The superannuation death benefit

On the death of a superannuation fund member, the fund trustee is required to pay a death benefit as soon as is practical. In the majority of cases, this will require the fund trustee to receive: a notification of the member’s death; a death benefit payment request along with any AML/CTF requirements; a copy of the death certificate and Will; and a copy of grant of probate or letters of administration. This, combined with a valid nomination, should ensure the payment occurs without significant delay.

Because superannuation is not an estate asset, it will not be automatically distributed as per the terms of the deceased’s Will. Where the deceased’s intention was for their Will to distribute any superannuation proceeds, this can only occur if the superannuation fund trustee pays the proceeds to the deceased’s estate or their legal personal representative (LPR).

Who is eligible to receive a death benefit?

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Superannuation Industry (Supervision) Act 1993 (SISA) restricts eligibility for a Superannuation Dependant to receive a death benefit (see Table 1). In addition to this list, a trustee may pay a benefit to the member’s estate or LPR.

How can a death benefit be paid?

Broadly, a superannuation death benefit can be paid as a lump sum or an income stream subject to eligibility (see Table 2). The death of a superannuation fund member is a compulsory cashing event for a superannuation trustee — see Superannuation Industry (Superannuation) Regulations 1994 (SISR) 6.21. In essence, this does not permit a death benefit to be rolled over to a beneficiary’s superannuation account in order to be retained in the accumulation environment.

It should be noted where a superannuation death benefit is paid to a beneficiary as an income stream and is subsequently commuted within six months of the date of death or three months after grant of probate or letters of administration (whichever is later), the commutation will continue to be treated as a death benefit payment and cannot be commuted and retained in the superannuation accumulation environment until that period has lapsed.

As detailed in Table 2, not all superannuation dependants are able to receive a death benefit as a superannuation income stream. SISR 6.21(2A) limits the ability for a death benefit to be paid as an income stream to a child under 18 years of age, or to a financially dependant child who is under 25, or to a child who is disabled irrespective of their age. Where a child (excluding a child who is disabled) initially met the conditions to establish an income stream, the income stream has a finite payment period because it must be cashed before they reach 25 years of age.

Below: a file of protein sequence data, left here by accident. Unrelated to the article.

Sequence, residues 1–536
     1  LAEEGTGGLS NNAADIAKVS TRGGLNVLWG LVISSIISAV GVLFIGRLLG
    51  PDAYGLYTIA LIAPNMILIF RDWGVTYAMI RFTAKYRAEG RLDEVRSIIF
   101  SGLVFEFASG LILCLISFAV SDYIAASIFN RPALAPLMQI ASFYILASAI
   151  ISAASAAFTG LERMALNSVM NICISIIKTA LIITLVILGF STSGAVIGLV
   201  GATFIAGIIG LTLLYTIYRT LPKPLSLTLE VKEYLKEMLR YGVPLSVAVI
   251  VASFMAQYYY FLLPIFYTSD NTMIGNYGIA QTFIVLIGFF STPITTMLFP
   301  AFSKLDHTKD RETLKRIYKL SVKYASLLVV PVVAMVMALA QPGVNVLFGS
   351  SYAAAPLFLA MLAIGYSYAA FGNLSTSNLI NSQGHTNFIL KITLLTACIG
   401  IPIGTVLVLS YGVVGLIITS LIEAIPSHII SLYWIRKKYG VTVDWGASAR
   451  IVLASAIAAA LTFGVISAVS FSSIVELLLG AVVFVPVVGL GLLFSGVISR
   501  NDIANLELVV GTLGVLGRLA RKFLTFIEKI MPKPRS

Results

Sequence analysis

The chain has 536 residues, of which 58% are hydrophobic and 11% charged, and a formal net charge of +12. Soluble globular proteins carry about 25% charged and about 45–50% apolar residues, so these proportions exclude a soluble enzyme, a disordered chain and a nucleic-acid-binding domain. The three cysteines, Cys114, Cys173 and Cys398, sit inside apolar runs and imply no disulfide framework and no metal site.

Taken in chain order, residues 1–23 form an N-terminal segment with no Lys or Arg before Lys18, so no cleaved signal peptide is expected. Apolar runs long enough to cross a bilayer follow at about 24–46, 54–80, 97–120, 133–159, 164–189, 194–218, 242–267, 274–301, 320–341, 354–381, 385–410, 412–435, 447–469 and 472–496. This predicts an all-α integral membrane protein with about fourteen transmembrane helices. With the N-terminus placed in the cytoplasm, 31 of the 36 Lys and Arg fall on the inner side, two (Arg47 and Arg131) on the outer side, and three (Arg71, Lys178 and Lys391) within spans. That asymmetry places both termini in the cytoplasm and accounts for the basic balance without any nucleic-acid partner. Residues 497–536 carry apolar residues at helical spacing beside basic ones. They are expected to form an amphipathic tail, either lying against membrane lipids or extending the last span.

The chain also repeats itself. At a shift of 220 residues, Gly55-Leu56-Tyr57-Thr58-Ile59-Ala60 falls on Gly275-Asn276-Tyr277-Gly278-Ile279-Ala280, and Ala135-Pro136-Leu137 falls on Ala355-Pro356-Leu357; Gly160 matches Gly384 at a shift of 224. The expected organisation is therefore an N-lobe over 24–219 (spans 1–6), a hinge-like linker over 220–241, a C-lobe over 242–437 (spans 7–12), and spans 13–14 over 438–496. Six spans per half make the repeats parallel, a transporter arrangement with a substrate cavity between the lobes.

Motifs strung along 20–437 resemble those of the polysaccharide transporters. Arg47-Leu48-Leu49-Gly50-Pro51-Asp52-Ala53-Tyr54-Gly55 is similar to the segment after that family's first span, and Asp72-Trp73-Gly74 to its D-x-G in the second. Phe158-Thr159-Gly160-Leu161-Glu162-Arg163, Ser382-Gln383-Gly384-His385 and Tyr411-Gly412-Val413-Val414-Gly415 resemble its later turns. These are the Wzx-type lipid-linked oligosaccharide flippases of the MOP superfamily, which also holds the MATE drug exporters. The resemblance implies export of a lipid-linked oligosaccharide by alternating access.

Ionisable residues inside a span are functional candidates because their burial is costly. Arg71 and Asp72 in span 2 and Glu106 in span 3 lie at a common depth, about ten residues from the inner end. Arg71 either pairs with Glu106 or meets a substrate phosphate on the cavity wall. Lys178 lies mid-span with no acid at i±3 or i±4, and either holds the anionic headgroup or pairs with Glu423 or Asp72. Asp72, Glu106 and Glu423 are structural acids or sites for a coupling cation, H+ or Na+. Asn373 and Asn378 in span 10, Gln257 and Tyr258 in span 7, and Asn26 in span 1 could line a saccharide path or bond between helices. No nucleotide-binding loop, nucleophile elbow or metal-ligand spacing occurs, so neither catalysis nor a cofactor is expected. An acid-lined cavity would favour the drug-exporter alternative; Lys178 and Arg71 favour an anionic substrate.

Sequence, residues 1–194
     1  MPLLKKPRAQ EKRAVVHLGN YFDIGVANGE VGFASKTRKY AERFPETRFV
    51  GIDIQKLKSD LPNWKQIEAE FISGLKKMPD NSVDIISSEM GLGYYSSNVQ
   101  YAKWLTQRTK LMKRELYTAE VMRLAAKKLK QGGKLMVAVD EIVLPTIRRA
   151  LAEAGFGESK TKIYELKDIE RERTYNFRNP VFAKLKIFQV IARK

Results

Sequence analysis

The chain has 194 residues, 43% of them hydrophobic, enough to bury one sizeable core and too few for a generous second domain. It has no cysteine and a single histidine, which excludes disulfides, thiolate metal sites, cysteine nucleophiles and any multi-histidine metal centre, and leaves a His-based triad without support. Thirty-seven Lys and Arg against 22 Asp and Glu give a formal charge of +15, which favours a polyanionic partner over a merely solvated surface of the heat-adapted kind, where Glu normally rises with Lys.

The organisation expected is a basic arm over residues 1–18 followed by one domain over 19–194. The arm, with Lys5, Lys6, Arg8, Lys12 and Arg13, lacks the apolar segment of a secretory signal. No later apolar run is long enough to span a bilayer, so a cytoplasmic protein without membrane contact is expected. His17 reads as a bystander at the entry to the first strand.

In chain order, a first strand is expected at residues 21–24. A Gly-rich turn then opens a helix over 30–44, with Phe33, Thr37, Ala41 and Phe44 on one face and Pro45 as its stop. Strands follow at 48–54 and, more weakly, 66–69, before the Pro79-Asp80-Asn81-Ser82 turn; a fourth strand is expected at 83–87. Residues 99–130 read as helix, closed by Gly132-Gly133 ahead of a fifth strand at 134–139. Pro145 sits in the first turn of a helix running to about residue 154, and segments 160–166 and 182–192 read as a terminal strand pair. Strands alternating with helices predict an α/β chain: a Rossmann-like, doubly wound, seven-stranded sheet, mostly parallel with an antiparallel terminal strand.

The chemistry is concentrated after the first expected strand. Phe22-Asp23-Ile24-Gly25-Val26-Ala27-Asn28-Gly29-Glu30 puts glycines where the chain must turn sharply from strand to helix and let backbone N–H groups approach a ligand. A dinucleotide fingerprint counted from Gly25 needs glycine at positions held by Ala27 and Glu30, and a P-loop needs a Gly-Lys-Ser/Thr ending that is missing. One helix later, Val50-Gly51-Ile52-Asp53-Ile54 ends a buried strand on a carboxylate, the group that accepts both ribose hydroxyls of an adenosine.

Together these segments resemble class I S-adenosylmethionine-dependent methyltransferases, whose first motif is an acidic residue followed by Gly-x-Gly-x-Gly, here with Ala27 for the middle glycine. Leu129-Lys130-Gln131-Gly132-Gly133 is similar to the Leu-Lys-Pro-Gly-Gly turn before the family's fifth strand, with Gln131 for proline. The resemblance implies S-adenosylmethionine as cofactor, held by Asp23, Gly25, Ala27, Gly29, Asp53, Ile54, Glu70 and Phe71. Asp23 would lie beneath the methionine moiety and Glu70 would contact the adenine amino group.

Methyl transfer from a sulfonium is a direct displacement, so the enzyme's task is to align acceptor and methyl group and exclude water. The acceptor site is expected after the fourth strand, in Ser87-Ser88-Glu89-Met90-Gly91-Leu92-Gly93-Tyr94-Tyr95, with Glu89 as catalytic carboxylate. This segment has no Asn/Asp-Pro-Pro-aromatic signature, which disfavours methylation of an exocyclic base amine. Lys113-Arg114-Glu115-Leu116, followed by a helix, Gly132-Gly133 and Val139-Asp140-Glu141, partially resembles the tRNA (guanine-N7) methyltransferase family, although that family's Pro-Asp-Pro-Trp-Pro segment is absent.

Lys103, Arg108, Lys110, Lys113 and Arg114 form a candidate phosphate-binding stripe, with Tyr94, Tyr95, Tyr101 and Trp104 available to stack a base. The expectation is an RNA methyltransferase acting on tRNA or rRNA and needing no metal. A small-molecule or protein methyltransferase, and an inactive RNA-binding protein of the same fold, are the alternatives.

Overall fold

The increased lump-sum death benefit

While not a requirement, a superannuation fund trustee is able to pay an additional amount (commonly referred to as an anti-detriment amount) and increase a death benefit payment where a lump sum is being paid to a spouse (including defacto), former spouse or a child of the deceased. In summary, the anti-detriment amount aims to refund the tax deducted from the members’ superannuation account.

The amount of the benefit can be calculated using an audit method (ie, summing all the tax payments deducted from the members’ account), but because superannuation accounts are transferred between funds this may almost be an impossible task. Therefore, the following ATO accepted formula (ATO ID 2007/219) is generally used:

Tax Benefit = (0.15 x P x C) / (R — 0.15 x P)


P = Member service period in R which occurs after June 30, 1988.

R = Member service post June 30, 1983.

C = The taxable component of the lump sum death benefit reduced for any insured amount included for which deductions have been claimed.

Where no pre July 1, 1988 service exits, as R will equal P, the formula simplifies to 17.647 per cent x C. Importantly, this tax benefit will form part of the taxable component of the superannuation death benefit lump sum amount.

Death benefits and tax

The taxation of a superannuation death benefit is influenced by who is receiving the payment, the superannuation components and the method of payment (as summarised in Tables 3 and 4).

Andrew Biviano is technical services and paraplanning manager at Fiducian Portfolio Services.

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